6 points, SCA Band 1, 0.125 EFTSL
Undergraduate - Unit
Refer to the specific census and withdrawal dates for the semester(s) in which this unit is offered.
Associate Professor Matthew Mundy (Australia)
Associate Professor Alexandre Schaefer (Malaysia)
The first half of this unit covers sensory, the first half of this unit covers sensory processes involved in vision, audition and speech perception. Coding mechanisms common to different modalities are emphasised to help students understand general mechanisms of sensory coding and perceptual processing. The second half encompasses the acquisition, organisation, and retrieval of knowledge and aims to cover cognitive psychology more generally. It includes emphasis on contemporary research techniques, cognitive architecture, attentional processes, models of learning and memory, mental imagery, language and higher-order thinking.
Upon successful completion of this unit, students should be able to:
- understand the most important applications of cognitive psychological research and theory
- demonstrate an understanding of the practical and theoretical skills underlying several major methods for conducting cognitive and perceptual psychological research
- explain the central problem faced by any perceptual system and be able to use this as a framework to think about the evolution of perceptual principles and current theories of perception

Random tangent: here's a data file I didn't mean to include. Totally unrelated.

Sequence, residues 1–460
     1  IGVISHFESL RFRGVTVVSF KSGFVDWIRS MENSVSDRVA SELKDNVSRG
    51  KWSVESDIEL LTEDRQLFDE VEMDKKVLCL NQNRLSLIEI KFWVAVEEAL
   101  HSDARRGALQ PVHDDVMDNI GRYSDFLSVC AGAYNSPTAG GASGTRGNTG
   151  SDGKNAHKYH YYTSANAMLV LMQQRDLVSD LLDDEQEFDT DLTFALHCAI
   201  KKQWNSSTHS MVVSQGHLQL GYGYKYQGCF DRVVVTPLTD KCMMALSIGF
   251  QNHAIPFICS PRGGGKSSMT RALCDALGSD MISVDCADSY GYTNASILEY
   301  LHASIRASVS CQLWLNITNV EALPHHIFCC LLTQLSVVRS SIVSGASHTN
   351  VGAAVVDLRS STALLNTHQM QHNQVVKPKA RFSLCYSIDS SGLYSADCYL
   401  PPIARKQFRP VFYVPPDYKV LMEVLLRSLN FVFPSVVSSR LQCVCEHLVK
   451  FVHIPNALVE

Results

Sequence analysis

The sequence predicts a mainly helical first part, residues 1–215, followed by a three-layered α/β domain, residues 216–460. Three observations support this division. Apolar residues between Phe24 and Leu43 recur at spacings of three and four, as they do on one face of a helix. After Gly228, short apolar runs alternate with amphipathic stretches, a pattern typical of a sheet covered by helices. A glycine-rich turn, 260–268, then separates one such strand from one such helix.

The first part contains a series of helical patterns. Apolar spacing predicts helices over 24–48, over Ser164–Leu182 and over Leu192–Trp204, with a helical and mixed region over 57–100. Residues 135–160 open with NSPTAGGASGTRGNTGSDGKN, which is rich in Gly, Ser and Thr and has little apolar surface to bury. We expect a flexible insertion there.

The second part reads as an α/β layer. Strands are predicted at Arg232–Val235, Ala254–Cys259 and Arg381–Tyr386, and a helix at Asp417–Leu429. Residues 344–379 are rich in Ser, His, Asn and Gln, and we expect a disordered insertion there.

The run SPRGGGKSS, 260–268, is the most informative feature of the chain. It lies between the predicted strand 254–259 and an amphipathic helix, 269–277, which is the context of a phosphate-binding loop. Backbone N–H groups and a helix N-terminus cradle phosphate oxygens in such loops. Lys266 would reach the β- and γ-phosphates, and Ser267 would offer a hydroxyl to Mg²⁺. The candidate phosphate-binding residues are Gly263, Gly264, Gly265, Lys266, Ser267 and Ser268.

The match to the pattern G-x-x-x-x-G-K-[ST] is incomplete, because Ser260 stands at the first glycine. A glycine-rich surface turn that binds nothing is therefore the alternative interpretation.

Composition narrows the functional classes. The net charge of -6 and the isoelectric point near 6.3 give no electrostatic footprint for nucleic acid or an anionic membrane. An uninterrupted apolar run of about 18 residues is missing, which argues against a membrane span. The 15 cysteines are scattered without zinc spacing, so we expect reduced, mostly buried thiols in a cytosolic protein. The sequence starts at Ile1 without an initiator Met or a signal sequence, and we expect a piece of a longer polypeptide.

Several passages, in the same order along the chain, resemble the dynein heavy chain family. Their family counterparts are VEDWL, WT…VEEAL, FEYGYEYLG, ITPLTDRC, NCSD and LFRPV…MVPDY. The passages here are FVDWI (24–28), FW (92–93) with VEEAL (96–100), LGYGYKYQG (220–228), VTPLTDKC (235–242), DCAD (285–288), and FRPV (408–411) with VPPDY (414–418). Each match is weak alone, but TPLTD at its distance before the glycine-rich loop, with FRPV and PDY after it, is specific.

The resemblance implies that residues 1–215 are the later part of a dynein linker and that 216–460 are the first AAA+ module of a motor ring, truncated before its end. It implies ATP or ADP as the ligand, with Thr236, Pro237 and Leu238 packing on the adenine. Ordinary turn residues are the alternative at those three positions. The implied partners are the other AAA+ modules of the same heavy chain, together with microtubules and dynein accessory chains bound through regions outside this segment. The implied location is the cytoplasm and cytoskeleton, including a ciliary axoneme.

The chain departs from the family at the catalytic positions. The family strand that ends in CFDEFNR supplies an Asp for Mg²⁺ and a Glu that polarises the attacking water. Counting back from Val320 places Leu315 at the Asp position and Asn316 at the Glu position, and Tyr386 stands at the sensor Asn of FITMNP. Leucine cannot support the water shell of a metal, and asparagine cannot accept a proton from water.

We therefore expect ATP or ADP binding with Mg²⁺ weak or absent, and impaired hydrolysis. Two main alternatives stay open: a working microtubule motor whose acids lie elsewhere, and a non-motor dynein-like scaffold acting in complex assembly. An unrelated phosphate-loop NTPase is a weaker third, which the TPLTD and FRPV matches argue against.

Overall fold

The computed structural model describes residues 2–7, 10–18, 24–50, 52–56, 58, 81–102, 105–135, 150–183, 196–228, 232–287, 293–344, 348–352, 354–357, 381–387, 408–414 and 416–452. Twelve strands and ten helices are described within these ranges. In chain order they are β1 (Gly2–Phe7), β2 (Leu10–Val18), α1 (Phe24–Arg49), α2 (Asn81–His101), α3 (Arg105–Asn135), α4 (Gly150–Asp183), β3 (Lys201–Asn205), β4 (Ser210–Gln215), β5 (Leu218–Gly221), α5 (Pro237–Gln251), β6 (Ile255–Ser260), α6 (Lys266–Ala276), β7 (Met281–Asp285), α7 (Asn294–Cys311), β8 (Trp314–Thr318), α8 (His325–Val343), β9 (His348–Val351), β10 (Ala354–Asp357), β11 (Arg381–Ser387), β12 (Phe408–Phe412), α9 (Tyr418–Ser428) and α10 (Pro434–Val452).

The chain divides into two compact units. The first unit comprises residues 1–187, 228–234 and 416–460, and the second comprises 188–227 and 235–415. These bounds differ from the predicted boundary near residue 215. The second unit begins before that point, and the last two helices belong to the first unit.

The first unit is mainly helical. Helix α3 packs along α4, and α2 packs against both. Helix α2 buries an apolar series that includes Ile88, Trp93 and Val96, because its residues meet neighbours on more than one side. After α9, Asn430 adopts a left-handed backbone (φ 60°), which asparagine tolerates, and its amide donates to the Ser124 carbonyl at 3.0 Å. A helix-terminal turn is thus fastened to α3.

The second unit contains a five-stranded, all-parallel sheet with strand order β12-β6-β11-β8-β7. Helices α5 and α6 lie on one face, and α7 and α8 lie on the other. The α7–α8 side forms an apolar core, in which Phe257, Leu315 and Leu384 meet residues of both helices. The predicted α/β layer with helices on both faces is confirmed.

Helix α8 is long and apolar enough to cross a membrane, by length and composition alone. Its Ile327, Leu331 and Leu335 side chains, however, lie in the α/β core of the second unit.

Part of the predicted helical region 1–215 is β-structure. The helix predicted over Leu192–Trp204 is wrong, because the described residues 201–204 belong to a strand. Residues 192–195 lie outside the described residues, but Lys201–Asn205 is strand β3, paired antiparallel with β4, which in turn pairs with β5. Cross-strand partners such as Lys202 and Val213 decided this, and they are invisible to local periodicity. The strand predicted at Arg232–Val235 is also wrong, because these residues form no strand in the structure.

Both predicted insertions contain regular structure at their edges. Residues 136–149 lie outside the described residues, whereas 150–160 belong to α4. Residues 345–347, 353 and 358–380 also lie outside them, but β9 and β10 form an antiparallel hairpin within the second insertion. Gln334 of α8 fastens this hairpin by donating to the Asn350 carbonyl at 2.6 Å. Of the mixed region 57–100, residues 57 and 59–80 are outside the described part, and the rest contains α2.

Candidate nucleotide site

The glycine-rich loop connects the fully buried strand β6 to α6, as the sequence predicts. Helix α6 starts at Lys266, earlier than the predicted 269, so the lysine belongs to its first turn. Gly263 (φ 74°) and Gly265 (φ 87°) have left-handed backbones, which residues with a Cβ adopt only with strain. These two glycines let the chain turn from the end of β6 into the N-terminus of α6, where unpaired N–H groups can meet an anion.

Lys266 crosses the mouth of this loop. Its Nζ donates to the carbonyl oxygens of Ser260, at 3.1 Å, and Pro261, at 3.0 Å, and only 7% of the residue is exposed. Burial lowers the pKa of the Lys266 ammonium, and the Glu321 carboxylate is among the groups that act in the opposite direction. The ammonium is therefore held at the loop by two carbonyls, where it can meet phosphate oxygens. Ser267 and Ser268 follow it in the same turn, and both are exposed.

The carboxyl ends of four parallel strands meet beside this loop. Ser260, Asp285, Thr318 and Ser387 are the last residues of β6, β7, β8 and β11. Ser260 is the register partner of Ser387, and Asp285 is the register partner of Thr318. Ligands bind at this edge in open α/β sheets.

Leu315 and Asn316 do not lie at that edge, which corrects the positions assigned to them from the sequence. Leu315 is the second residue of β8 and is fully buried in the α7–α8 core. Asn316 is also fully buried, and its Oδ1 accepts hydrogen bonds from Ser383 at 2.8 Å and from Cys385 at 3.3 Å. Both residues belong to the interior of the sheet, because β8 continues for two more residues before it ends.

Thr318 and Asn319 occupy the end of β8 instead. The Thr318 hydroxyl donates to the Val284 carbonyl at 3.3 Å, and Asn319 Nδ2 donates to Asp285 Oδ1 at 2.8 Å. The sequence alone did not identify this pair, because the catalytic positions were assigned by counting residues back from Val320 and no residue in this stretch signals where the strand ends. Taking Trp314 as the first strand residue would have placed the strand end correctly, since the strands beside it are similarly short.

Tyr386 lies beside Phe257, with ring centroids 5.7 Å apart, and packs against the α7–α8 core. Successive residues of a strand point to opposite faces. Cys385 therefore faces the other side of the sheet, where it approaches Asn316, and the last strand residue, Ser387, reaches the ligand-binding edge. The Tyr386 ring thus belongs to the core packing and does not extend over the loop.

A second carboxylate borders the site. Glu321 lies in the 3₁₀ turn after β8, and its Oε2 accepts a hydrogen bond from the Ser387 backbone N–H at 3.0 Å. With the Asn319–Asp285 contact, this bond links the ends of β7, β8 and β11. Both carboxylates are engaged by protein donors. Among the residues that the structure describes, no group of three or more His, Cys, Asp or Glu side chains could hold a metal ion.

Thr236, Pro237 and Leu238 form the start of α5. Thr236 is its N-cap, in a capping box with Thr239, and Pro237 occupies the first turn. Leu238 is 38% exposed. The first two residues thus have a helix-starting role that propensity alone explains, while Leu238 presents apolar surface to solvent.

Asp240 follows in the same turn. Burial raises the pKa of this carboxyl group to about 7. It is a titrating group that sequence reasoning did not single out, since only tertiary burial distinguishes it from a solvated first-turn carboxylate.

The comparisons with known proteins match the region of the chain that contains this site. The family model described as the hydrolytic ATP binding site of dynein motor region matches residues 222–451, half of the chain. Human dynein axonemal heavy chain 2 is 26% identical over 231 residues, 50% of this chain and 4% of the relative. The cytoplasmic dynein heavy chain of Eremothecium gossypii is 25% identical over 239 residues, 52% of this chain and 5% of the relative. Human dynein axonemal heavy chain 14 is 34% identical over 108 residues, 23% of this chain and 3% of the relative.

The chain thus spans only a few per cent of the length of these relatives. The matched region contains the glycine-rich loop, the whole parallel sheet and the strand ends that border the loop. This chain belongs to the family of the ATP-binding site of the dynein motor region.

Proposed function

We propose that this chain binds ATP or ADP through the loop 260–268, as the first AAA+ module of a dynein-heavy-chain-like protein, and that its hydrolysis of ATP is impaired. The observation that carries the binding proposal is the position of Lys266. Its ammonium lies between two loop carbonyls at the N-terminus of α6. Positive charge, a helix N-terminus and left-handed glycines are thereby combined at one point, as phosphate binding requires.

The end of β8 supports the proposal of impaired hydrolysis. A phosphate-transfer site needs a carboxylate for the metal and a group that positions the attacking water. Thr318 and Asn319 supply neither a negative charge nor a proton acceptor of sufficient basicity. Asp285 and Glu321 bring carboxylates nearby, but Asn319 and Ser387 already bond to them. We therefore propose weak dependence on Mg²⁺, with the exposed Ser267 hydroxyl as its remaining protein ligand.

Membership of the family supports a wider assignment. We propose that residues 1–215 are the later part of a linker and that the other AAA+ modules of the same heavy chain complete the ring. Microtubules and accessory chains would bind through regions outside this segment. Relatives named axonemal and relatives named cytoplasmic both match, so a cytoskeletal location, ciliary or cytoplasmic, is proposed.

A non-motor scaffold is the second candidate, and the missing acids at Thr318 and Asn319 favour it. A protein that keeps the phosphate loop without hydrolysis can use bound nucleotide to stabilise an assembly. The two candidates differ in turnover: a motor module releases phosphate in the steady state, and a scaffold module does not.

- summarise the broad principles of perception which apply to all modalities including neurophysiological mechanisms at the levels of receptors, pathways, and brain structures; top-down and bottom up processing, and feature detection, and the constructive nature of perception
- describe the sensory and perceptual processes specific to vision, audition and speech perception
- summarise and evaluate the major theoretical and research approaches within cognitive psychology
- review historical and current theory on basic cognitive processes, such as learning, memory and attention
- understand topics related to the application and manipulation of cognitive information, such as language, problem solving and decision making.
- 2 x Lab assignments (worth 20% each) (40%)
- 1 x Class presentation (10%)
- Examination (25% Perception; 25% Cognition) (2 hours) (50%)
Attendance at labs, tutorials or weekend schools is required in order to successfully complete in-class activities and related assessment tasks.
See also Unit timetable information
Off-campus attendance requirements
WESch classes are compulsory in order to complete the assessment associated with attendance. Please refer to the specific unit requirements for more detail. It is common practice, where possible, to timetable at least two WESsch options in each core unit. Sessions may be held at Clayton or Caulfield campuses.